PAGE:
For this tour, however, Keenan seems much more engaged, although he still performs from the back row (he has said it sounds better from the back, and he no longer sees a need to perform as a “front man” when the music and the band as a whole are what bring people to the shows). He has been more visible on stage in sweeping light– crouching and lurching to the music on either side of the drum kit and sporting a huge spiked mohawk and face paint. After the show, he even bumped fists with his fellow band mates and came out to the front of the stage to thank the fans.
The other three members of Tool remained in the spotlight as the “Fear Inoculum” opener was followed by “Aenima” and “Parabola.” New songs like “Pneuma” seemed to fit in exceptionally well with older material in the set, as creepy, psychedelic videos rolled on huge video screens behind the band, and lights and lasers swept over the stage and into the crowd.
The band stuck mostly to songs from the three most recent albums and played no songs from the first two Tool albums.
Another huge highlight for Tool is drummer Danny Carey, who is considered by many to be one of the best rock drummers in the business today. Carey flailed away behind a mammoth drum kit, showcasing his mad skills on several songs and during the instrumental “Merkaba” and the new track “Chocolate Chip Trip,” a drum solo used to kick off the second set of the show following a short intermission. The drum solo started on a huge gong that Carey machine-gun tapped using both sides of his drum sticks before moving to his elaborate kit, complete with an array of cymbals, organic and electronic drums, various percussion accessories, a mounted xylophone-looking section and more. In the world of great progressive rock virtuosity, Carey truly has taken the torch from rock icons like Neil Peart of Rush.
Guitarist Adam Jones has always seemed to play the role of the artistic visionary of Tool. Also a visual artist by trade, Jones has not only directed Tool music videos and supervised album artwork, but also has worked as a special effects artist and set designer in the motion picture and television industries. As a guitarist, Jones tends to have a minimalist approach to his writing and playing — much like Tony Iommi did with Black Sabbath. Although he typically uses only a few dark and stark colors in his musical palette, his dynamic riffing and industrial edge have always been key elements to Tool’s sound.
Jones took the spotlight on several occasions during the recent show, ripping through searing lead parts as weird light figures that looked like shower heads descended on him and showered him in illuminated baths of color. Jones also utilized a talk box for the solo in “Jambi” and played a small keyboard on one of the tracks from the new album.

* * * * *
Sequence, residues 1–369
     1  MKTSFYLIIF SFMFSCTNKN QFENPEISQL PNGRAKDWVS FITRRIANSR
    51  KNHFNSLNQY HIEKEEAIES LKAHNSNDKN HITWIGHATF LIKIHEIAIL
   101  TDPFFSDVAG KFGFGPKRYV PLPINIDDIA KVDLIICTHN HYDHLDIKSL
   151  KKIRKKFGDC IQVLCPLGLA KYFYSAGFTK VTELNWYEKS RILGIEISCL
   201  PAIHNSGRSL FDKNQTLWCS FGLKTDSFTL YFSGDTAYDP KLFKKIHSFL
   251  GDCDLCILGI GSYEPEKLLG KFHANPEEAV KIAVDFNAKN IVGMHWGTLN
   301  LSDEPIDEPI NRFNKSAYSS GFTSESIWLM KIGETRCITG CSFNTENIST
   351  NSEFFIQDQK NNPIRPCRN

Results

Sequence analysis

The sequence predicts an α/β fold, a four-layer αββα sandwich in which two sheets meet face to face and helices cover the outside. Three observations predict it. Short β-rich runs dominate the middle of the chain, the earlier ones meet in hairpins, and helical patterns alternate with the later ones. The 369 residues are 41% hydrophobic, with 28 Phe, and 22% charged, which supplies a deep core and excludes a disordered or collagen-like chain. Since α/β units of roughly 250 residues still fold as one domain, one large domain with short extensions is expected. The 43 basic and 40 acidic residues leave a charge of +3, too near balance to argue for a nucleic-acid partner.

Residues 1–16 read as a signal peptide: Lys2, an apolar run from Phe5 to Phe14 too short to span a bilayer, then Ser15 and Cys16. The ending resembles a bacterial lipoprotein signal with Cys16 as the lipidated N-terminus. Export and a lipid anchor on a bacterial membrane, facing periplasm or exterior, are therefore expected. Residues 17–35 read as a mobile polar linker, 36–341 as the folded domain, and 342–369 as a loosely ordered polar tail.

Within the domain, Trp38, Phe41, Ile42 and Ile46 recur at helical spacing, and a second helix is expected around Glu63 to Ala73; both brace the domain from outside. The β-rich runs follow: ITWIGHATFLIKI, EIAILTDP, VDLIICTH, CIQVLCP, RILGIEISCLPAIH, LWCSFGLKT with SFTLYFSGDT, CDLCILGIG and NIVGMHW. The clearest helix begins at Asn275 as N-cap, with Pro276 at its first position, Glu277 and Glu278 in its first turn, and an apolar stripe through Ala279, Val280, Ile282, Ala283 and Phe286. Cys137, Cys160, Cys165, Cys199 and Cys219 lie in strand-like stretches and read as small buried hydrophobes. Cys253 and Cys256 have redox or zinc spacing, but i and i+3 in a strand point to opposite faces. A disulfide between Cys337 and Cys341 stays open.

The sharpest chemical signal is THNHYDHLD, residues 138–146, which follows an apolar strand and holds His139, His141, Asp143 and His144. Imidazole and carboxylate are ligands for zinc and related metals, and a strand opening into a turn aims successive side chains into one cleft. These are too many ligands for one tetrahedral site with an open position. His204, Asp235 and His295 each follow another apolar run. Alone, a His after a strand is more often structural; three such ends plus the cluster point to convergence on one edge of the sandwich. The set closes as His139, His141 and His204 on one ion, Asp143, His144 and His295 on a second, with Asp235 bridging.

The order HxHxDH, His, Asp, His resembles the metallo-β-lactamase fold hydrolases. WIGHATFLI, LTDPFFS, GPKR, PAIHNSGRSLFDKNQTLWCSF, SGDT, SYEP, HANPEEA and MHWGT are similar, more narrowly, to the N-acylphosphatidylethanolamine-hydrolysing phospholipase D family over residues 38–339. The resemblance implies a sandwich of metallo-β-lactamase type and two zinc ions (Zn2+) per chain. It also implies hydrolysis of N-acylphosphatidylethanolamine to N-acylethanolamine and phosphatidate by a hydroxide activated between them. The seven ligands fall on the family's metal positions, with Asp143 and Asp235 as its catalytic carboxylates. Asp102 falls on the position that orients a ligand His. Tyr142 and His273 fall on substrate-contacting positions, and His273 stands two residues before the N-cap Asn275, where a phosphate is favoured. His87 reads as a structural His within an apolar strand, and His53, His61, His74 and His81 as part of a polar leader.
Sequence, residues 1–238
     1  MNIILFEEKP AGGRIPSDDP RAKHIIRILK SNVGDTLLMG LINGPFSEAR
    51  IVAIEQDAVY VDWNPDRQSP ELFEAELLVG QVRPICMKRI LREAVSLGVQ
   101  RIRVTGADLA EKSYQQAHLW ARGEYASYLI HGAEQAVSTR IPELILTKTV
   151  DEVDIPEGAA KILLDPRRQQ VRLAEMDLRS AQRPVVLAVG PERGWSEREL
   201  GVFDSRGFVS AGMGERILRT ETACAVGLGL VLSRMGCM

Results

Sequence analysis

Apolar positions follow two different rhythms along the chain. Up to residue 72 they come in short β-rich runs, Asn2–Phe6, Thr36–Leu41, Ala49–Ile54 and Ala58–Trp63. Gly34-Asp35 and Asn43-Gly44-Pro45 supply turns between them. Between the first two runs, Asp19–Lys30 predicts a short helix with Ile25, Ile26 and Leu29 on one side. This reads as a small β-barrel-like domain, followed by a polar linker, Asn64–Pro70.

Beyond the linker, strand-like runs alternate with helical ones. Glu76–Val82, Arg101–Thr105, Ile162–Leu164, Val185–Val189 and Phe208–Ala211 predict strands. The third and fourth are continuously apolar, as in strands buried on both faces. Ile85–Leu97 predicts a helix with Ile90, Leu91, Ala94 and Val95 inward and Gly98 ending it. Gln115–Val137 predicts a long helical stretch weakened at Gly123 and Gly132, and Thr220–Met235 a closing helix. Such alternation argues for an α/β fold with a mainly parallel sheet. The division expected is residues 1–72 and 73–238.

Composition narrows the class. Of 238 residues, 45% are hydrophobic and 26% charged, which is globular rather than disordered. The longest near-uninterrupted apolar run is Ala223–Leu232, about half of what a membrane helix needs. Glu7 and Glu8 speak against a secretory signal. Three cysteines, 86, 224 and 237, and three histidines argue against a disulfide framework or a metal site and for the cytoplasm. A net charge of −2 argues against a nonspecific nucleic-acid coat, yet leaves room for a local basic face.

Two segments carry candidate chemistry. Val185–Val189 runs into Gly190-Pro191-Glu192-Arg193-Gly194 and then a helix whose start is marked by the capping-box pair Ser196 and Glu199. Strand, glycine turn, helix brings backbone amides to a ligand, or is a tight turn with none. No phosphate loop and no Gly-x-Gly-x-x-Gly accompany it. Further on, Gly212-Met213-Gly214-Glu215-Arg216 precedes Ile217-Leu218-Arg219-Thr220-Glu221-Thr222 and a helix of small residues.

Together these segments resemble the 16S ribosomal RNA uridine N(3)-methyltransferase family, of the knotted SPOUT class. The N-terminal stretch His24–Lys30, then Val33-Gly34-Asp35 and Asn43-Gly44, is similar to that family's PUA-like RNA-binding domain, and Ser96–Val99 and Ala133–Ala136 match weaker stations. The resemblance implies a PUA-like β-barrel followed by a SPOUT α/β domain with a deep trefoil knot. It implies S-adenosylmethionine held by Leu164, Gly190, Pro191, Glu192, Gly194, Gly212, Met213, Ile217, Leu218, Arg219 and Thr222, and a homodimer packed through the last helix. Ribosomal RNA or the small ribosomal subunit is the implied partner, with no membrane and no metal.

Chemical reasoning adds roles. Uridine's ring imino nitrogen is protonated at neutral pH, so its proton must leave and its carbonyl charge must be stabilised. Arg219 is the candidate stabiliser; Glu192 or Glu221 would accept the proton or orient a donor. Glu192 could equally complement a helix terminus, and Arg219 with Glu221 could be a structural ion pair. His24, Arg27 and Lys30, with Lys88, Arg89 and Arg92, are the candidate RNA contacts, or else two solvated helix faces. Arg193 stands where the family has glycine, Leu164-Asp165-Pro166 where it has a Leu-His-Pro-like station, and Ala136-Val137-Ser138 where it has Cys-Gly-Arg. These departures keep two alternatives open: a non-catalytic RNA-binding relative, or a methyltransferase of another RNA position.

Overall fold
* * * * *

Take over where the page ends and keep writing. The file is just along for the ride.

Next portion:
Justin Chancellor has been Tool’s bassist since 1995. Although not the original bass player, Chancellor utilizes a similar tone as his predecessor Paul D’Amour, sustaining the signature throaty churn and rumble that complements the acrobatic interplay between the guitar and drum parts. His playing brings much more to the table than a simple bass line holding down the bottom end; Chancellor’s bass parts are cut through prominently like a lead instrument and carry the primary riffs in many of Tool’s songs.
Chancellor’s stage presence is clutch to the band’s live show, too, as he is oftentimes the most animated figure on the stage, rocking back and forth as if the weight of his heavy bass lines take serious muscle to deliver.
The band was on point with new tracks “Descending” and “Invincible” woven between fan favorites like “Jambi,” “Vicarious,” “Schism,” “Forty Six & 2” and the show closer, an extended version of “Stinkfist.”
Fans were warned in advance with signs on every other seat, an announcement over the public address system and with advanced emails to ticket holders — use of cell phone cameras during the show would result in immediate removal from the venue without a refund. The last time Keenan was in town with A Perfect Circle, the same rule was implemented. And it was nice, because everyone in the sold-out crowd actually watched the show.
Before the final number, Keenan thanked Pittsburgh for bringing ketchup to the world, and (I missed this, but he apparently) gave everyone permission to bring out their phones during the last song — and most people did so … to capture the moment just in case they needed help to remember what a great show it was.